Thursday, 28 January 2016

Bipolar Disorder FAQs Part 2

 4. Some women experience mood swings, for instance, during certain times of their menstrual cycle. When are "mood swings" not considered normal, and may warrant medical attention?

 Many women may notice that they have dysphoric or irritable mood before and during their period, These mood changes are often described as mood swings. These mood swings are generally unrelated to Bipolar Disorder as there is no swing into a manic state. However, if the individual experiences irritability, tension or low mood severe enough to interfere with work, social relationships and activities, they may be suffering from Premenstrual Dysphoric Disorder (PMDD).

 5. A local 2010 Singapore Mental Health Study found that the average time taken for bipolar disorder sufferers to seek help was 9 years. - Why do you think they take so long to seek professional help?

When the symptoms of Bipolar disorder is mild, it can be hard to detect. Most of the time, the afflicted individual may not have insight into their symptoms. In fact, many enjoy their "new found" confidence and inflated self esteem. Family members may think that the individual is just stressed out or being difficult instead of recognising the symptoms as due to Bipolar Disorder. The strong stigma that remains associated with psychological conditions also prevents individuals and there loved ones from seeking help with professionals until the condition becomes severe.

6. Based on your experience working with these patients, what usually prompts patients to seek medical attention for their symptoms?

Many seek help during their depressive phase, when they feel lousy about themselves. and through careful history taking with the patient and their loved ones, a history of previous manic episodes can be obtained. Many patients may be admitted by their loved ones to the hospital when they display unusual behaviours or become aggressive during their manic episodes.

7. How common is it for bipolar disorder to go undetected, or dismissed as something not serious? Why is that so?

 Although there are no available data, Bipolar Disorder is one of the most likely diagnosis to go undetected. Unlike many medical condition where lab tests or objective testing is available in making a diagnosis, the diagnosis of Bipolar Disorder can only be based on the history provided by the patient and his loved ones and observations made by the psychiatrist during the consult. In milder case of Bipolar Disorder where the individuals present with issues such as irritability, restlessness, insomnia, and excessive alcohol consumption. For someone who does not know the individual intimately, the mood changes may be assumed to be normal. Even loved ones may sometimes find it hard to decide if the individual's mood is unusually high or he is an exuberant person to begin with. They may see the change as a change in his personality rather than him having a mental illness.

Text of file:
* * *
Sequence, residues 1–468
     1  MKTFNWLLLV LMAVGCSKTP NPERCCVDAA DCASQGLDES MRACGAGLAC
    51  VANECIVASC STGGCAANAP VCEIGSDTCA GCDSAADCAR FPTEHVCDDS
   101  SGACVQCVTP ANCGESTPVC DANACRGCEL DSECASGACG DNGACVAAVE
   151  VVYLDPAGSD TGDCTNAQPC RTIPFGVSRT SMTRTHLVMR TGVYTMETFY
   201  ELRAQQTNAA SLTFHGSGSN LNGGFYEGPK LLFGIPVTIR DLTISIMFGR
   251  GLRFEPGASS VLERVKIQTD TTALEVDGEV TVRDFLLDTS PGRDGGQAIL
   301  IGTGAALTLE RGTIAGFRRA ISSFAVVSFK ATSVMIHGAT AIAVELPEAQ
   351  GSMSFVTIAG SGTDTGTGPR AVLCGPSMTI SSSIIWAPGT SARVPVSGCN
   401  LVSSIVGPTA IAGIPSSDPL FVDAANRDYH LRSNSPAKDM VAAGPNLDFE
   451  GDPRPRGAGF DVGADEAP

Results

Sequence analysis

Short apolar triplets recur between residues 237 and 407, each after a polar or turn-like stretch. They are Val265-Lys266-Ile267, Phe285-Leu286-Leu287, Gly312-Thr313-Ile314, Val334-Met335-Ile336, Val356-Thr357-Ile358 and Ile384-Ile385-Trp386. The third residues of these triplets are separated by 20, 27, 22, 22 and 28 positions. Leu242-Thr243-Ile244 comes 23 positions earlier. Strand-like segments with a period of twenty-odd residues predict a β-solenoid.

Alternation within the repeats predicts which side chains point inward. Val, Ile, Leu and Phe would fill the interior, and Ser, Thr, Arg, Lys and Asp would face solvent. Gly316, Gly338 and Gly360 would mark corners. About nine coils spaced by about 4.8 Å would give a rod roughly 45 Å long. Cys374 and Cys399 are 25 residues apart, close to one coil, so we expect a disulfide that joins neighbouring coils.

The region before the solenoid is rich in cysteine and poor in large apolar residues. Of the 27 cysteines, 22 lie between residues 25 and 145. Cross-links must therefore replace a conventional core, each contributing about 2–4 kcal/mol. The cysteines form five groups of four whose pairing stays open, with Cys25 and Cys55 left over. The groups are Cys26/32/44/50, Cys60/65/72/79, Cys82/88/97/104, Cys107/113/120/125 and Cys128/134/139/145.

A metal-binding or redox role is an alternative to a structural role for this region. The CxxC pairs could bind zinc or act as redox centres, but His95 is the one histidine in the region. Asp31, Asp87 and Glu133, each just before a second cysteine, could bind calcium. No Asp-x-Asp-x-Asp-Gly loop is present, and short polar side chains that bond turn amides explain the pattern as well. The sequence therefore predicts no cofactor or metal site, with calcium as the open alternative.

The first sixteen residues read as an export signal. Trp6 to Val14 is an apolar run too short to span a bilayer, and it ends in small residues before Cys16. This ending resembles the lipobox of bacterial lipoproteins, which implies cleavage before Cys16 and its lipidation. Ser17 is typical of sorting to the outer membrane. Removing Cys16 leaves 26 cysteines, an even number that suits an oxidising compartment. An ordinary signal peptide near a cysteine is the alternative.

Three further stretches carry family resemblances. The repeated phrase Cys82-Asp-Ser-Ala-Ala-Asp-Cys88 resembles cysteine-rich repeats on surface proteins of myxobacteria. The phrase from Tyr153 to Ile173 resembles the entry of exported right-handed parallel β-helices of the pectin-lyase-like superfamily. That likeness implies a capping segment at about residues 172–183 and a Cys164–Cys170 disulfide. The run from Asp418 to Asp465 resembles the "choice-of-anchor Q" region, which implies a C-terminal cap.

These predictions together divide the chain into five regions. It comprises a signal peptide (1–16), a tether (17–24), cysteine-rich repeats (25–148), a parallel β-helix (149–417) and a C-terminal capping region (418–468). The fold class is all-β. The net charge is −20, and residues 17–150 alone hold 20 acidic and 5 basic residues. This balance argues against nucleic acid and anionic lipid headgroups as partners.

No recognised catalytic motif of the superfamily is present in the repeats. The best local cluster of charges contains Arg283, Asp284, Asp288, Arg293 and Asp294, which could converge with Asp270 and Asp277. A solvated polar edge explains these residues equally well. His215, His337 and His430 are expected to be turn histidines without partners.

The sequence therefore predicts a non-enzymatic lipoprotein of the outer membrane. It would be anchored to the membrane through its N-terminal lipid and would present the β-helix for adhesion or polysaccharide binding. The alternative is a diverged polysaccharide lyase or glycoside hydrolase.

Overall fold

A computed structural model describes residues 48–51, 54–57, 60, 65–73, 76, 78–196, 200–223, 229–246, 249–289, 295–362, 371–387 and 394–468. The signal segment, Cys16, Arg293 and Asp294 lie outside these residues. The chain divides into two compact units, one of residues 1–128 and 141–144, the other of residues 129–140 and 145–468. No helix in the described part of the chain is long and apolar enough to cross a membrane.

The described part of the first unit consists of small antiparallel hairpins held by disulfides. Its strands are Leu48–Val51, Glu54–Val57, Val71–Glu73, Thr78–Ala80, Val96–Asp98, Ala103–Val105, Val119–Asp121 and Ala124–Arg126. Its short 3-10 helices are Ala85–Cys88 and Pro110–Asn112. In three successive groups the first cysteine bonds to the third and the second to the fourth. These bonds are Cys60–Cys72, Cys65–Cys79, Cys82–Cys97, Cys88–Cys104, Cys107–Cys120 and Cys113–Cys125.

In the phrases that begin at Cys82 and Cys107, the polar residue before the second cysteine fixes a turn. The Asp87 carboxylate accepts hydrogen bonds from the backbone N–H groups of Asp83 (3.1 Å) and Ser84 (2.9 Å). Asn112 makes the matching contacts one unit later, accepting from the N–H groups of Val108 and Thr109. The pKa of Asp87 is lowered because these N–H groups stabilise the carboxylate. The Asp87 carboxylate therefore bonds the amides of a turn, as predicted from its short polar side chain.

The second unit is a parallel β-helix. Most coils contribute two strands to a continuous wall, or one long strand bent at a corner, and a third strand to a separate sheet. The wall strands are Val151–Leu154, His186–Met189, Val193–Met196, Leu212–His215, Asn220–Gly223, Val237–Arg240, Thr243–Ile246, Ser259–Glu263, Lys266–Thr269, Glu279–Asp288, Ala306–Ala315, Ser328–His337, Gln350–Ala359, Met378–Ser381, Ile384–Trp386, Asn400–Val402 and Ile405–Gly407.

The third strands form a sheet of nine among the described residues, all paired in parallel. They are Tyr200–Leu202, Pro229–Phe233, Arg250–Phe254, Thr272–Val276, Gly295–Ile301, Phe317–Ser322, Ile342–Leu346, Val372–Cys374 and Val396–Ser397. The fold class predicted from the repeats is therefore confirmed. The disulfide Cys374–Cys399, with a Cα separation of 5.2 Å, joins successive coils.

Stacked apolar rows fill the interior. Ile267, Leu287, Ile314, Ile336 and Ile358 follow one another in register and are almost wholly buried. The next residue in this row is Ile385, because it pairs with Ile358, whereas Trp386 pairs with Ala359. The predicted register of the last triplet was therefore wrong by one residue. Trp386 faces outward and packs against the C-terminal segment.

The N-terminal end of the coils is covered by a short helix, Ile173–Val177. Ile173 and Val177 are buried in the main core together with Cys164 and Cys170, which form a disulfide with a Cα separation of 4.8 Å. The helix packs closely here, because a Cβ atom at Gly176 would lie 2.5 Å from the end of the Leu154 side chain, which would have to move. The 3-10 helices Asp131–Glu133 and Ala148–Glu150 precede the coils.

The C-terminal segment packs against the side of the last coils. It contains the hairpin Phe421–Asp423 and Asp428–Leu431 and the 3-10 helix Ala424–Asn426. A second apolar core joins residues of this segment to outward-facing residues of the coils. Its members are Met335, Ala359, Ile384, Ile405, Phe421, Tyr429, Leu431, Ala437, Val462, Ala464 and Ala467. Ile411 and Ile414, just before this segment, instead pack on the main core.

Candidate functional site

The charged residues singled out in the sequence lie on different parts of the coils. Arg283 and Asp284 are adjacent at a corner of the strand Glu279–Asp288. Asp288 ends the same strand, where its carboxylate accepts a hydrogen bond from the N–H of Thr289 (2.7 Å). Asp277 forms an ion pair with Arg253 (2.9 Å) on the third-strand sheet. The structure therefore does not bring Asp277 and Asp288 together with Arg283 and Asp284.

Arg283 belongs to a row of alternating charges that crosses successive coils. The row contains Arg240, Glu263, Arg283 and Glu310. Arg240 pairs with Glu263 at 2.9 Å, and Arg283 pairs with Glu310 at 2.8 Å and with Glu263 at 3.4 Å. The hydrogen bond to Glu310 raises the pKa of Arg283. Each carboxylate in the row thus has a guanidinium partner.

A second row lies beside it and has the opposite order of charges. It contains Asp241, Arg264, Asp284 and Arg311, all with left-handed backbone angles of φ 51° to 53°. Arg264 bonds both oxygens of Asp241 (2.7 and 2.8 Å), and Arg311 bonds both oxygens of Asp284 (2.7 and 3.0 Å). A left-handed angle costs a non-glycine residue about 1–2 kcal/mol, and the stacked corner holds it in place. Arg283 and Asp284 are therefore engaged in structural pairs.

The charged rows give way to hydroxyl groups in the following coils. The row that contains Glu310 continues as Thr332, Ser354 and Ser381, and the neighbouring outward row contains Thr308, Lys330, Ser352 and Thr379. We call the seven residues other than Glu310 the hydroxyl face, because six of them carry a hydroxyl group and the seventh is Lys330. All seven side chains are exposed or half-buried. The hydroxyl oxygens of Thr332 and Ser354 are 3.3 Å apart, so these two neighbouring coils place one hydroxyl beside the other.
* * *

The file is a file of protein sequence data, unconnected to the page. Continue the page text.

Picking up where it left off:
Thursday, 21 January 2016

Bipolar Disorder FAQs Part 1

1. At what age does bipolar disorder typically surface, and why?

 It typically surfaces during early adulthood, usually in the 20s. This is attributed to the natural history of the illness and the real reason is not known.

2. What are symptoms of bipolar disorder, and how are they different from depression? (I understand that bipolar patients experience periods of low moods too, so how to differentiate between the two?) 

Patients with Bipolar suffers from episodes of mania or hypomania and depression. The depressive episodes of Bipolar Disorder are indistinguishable from clinical depression. As such patients who have depressive episodes are first diagnosed with clinical depression and the diagnosis will be revised should an episode of mania or hypomania surface. The symptoms of mania are elevated mood, increased energy, increased self esteem, decreased need for sleep, pressure to keep talking or unusual talkativeness, racing thoughts, distractibility, excessive involvement in harmful activities. The symptoms should last for at least one week. In Hypomania, the symptoms are milder and the duration may be shorter.

3. How quickly can a bipolar patient's mood swing from one extreme to another? What are the triggers for the mood changes? 

 Most bipolar disorder consists of mood episodes, depressive or manic, that typically last weeks to months if not treated. A typical example will be one month of mania followed by three months of depression and the rest of the year is normal mood. However, there are patients who suffer rapid cycling bipolar disorder who cycle four times of more a year. Whilst some patients are thought to cycle even more frequently than that, ie. days to even within a day, this remains controversial. Stresses in life, like work stress or family conflict, can sometimes trigger an episode. Sometimes a period of poor sleep, due to exams or work commitments can also lead to episodes.